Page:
The case for multifunction DSP in wearable devices

Junko Yoshida

May 10, 2014

Junko YoshidaMay 10, 2014

MADISON, Wis. — Wearable devices are suffering from a fatal flaw: batteries that die too fast. Developers blame the problem on the dearth of tailor-made wearable SoCs that could meet their requirements.

With that in mind, if they were to develop their own wearable SoCs, what should be their priority?

On a system level, system designers first and foremost need to rethink displays. Will Strauss, president of Forward Concepts, said the biggest power drain in a cellphone is the screen. Switching "to black and white to save power when color is not needed" is one idea. Other power wasters include "keeping WiFi on when you're not near a hotspot."

On a silicon level, Linley Gwennap, principal analyst at Linley Group Inc., calls "higher power in the application processor" the main culprit in power drain. "Processors with four or eight cores, particularly big cores, are much more power hungry than the single- and dual-core processors from a couple of years ago." Choosing a low-power processor (CPU and/or DSP) combined with wireless communications (e.g., Bluetooth, WiFi, cellular) should be a high priority in wearable SoCs, he says.

Eran Briman, vice president of marketing at Ceva, told EE Times, "Today's IoT and wearable devices are underserved by inappropriate solutions." For the moment, we should forget about using a multicore app processor to do everything, he said. Adopting a multifunctional DSP core in combination with a small MCU/CPU is one way to design a new wearable SoC.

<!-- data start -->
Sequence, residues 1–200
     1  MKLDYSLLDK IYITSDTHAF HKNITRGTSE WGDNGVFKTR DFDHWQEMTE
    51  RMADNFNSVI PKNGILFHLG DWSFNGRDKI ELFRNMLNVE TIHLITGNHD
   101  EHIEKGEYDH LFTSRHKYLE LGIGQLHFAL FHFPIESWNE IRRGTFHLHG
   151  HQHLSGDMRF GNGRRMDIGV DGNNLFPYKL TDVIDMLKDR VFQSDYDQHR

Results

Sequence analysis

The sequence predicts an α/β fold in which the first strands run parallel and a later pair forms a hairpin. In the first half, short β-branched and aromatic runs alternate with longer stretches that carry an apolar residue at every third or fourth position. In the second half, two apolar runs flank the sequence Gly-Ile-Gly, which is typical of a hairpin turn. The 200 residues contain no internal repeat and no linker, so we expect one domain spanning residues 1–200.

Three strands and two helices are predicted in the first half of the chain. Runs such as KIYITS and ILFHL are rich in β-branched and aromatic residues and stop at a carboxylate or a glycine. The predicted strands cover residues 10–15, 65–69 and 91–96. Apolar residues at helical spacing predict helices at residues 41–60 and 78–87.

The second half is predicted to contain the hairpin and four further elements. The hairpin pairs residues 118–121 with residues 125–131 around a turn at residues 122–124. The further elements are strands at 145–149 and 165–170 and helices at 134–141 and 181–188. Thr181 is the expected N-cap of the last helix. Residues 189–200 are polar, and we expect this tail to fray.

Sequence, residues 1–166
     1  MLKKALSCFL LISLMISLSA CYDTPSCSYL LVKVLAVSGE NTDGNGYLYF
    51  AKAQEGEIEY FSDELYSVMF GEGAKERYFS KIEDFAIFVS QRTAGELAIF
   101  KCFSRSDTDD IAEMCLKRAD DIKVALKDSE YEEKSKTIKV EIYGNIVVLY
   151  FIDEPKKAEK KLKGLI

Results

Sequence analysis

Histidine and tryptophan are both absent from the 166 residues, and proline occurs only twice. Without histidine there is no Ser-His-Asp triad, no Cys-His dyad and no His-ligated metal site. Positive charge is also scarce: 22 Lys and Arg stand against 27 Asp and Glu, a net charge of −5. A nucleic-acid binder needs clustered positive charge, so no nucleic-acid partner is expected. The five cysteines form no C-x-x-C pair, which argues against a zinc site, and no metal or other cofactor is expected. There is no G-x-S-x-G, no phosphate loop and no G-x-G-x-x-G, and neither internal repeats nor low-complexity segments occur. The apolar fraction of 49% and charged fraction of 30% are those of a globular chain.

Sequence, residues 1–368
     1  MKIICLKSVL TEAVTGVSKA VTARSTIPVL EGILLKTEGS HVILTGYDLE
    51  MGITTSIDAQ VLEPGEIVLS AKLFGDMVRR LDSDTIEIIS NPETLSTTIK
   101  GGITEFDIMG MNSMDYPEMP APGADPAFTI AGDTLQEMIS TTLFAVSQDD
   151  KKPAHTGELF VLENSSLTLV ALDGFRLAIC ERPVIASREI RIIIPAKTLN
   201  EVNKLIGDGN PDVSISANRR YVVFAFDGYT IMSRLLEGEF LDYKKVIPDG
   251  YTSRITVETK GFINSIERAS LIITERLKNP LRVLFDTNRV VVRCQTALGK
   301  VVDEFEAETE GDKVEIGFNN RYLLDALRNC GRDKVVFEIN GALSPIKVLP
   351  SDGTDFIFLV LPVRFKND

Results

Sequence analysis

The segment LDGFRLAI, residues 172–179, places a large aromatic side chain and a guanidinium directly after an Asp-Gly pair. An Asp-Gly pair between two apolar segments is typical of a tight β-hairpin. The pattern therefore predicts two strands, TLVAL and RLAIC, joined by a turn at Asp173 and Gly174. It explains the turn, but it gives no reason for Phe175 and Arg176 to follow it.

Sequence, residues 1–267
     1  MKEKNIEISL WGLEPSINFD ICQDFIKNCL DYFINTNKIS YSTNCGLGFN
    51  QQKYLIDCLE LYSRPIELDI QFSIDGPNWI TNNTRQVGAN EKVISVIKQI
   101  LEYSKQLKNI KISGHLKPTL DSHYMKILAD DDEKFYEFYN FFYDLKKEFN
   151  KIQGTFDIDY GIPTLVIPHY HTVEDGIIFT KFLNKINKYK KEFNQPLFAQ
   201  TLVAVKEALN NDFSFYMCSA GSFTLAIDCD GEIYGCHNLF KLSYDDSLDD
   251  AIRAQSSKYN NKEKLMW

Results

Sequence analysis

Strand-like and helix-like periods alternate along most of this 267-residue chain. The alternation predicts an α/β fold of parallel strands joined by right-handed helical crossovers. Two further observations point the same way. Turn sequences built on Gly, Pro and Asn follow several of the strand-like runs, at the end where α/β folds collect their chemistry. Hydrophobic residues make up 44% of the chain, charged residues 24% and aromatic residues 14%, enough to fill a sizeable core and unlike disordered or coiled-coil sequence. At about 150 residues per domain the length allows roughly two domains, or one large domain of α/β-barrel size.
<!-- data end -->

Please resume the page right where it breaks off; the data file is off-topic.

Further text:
Last week at the Linley Mobile Conference, Ceva pitched its TeakLite-4 DSP v2 architecture with 50 new instruction sets. It now can handle Bluetooth connectivity (Classic or Low Energy). That connectivity comes on top of the same single DSP core running other functions, including audio and voice software packages, always-on user interface (UI) functions, and a full suite of sensor-fusion capabilities, according to Briman.

The basic principle behind the DSP+MCU idea is to let the DSP handle the always-listening chores. The DSP triggers an MCU to wake up when necessary, thus saving the system's overall power.

In essence, Gwennap said, Ceva's DSP platform supports "always-on functions and low-power connectivity. Those are the two capabilities that are critical in wearable devices."

Let DSP listen all the time
Let's take a closer look at the tasks that consume most of the power during screen-off. According to Briman, these include Bluetooth Low Energy, sensor fusion, always-listening (voice) and always-watching (face, gesture) functions. If a single DSP core -- running at extremely low power -- can do all that, it "dramatically lowers the cost, complexity, and power consumption of chip designs for IoT, wearables, and wireless audio devices," according to Ceva.

Moto X is the first mobile device to delegate always-on to a DSP, Briman said, instead of keeping an application processor running all the time. Moto X used Texas Instruments' C55 DSP to run low-power voice recognition. The DSP is there to wake up the application processor when it hears a voice.

Power challenge for wearables. Click here for a larger image.(Source: 

Ceva)
Power challenge for wearables. Click here for a larger image.
(Source: Ceva)

But seriously, how big an issue is this always-on feature in terms of draining power in mobile devices?

To read more of this external content, go to "Is always-on a power hog?"

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